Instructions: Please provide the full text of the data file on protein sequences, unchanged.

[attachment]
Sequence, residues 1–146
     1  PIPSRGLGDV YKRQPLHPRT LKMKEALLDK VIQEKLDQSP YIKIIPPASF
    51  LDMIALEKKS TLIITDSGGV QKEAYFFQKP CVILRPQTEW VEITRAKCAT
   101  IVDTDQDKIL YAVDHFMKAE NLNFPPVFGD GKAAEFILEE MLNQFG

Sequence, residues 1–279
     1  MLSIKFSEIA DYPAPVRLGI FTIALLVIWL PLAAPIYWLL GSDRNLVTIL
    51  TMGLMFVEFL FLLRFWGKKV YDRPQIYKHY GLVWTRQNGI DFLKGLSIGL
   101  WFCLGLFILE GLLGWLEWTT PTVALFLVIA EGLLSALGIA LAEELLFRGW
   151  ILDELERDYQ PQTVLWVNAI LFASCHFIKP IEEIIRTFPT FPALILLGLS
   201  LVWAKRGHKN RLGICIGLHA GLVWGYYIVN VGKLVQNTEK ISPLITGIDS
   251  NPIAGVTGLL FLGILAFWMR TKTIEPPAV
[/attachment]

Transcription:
Sequence, residues 1–146
     1  PIPSRGLGDV YKRQPLHPRT LKMKEALLDK VIQEKLDQSP YIKIIPPASF
    51  LDMIALEKKS TLIITDSGGV QKEAYFFQKP CVILRPQTEW VEITRAKCAT
   101  IVDTDQDKIL YAVDHFMKAE NLNFPPVFGD GKAAEFILEE MLNQFG

Sequence, residues 1–279
     1  MLSIKFSEIA DYPAPVRLGI FTIALLVIWL PLAAPIYWLL GSDRNLVTIL
    51  TMGLMFVEFL FLLRFWGKKV YDRPQIYKHY GLVWTRQNGI DFLKGLSIGL
   101  WFCLGLFILE GLLGWLEWTT PTVALFLVIA EGLLSALGIA LAEELLFRGW
   151  ILDELERDYQ PQTVLWVNAI LFASCHFIKP IEEIIRTFPT FPALILLGLS
   201  LVWAKRGHKN RLGICIGLHA GLVWGYYIVN VGKLVQNTEK ISPLITGIDS
   251  NPIAGVTGLL FLGILAFWMR TKTIEPPAV